JK-Forum’s Scale Project Axial Jeep Wrangler Unlimited SCX10 (Part 2)
While many RC models require you to go out and purchase new parts to upgrade your vehicle, Axial actually thinks ahead and includes many parts you can use to change your SCX10. Today, I’ll go through many of those free-ish upgrades, and detail what I did to get them.
Taking the body off of the truck after making my modifications, you’ll notice right away that the battery tray has been moved.
To do this, I modified the front cross-member to raise it up over the chassis and used a pair of servo holders to secure it in place. I’ll explain why I had to raise this in a moment.
I also had to cut the front of the original battery tray in order to fit the body over it. Now, the reason I moved the battery tray was to get more weight over the front of the JK. David Karey and I noticed that the JK was having a hard time getting over obstacles as there was no weight over the front axle. This is the reason for the relocation.
Something I had noticed while driving the JK on pavement was that it had a tendency to torque twist. After looking at the driveshafts, I decided to do an interesting modification I learned of to alleviate it. I took the center skid plate and rotated it 180-degrees.
Doing this, the motor would hit the nut for the rear upper links, so to fix that, I used the supplied washers and supplied longer screws to raise the motor and transmission. The driveshaft angle is still acceptable, and while I was there, I decided to do a little work to the front.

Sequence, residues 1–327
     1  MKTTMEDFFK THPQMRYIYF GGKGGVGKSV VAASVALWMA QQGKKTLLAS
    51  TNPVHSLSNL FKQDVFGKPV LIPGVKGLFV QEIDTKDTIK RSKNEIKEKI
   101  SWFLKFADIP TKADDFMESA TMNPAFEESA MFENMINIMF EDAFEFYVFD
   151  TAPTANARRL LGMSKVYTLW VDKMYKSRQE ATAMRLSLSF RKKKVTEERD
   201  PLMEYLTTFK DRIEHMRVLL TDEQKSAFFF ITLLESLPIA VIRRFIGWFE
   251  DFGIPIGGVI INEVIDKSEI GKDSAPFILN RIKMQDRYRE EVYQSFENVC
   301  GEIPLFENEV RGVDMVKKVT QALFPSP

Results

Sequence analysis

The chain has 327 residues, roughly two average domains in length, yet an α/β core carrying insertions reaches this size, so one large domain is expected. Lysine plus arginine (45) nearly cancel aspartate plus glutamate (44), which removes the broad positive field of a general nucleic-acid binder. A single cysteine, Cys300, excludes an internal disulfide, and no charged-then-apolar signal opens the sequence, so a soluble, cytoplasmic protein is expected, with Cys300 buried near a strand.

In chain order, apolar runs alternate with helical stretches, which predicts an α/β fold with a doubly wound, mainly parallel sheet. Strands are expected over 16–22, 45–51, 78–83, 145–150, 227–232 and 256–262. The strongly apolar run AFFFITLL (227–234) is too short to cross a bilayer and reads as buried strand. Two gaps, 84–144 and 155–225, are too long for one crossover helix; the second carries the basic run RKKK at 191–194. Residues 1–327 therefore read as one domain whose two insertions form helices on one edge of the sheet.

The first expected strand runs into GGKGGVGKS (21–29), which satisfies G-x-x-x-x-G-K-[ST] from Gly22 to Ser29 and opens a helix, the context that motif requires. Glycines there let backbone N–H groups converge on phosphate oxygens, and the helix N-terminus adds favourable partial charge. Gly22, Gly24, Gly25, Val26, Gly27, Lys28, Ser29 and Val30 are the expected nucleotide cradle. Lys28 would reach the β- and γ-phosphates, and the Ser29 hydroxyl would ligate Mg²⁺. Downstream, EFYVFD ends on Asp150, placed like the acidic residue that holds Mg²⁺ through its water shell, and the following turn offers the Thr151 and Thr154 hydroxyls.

This does require wiring the motor backwards, but the Axial brushed motor will rotate in reverse with no issues. Check with your motor manufacturer before doing so, though, as some motors are not capable of rotating in reverse.
I converted the upper link from the triangulated three-link to a four-link. This was done by replacing the front connection with the four-link adaptor, again supplied in the RTR extras bag. The only thing I needed was a couple of bolts and a nut. I have a grab box for all of that.
In switching to a four-link, the front axle pivoted to where the steering servo horn would hit the front crossmember. That’s why I had to elevate it.
Also, in changing the position of the battery and going four-link, I removed the receiver box and placed all of the electronics to the rear of the truck.
The body didn’t rest like it used to because the Velcro did touch the bottom of the hood.
However, pushing it down did reveal that it won’t be much of a hindrance.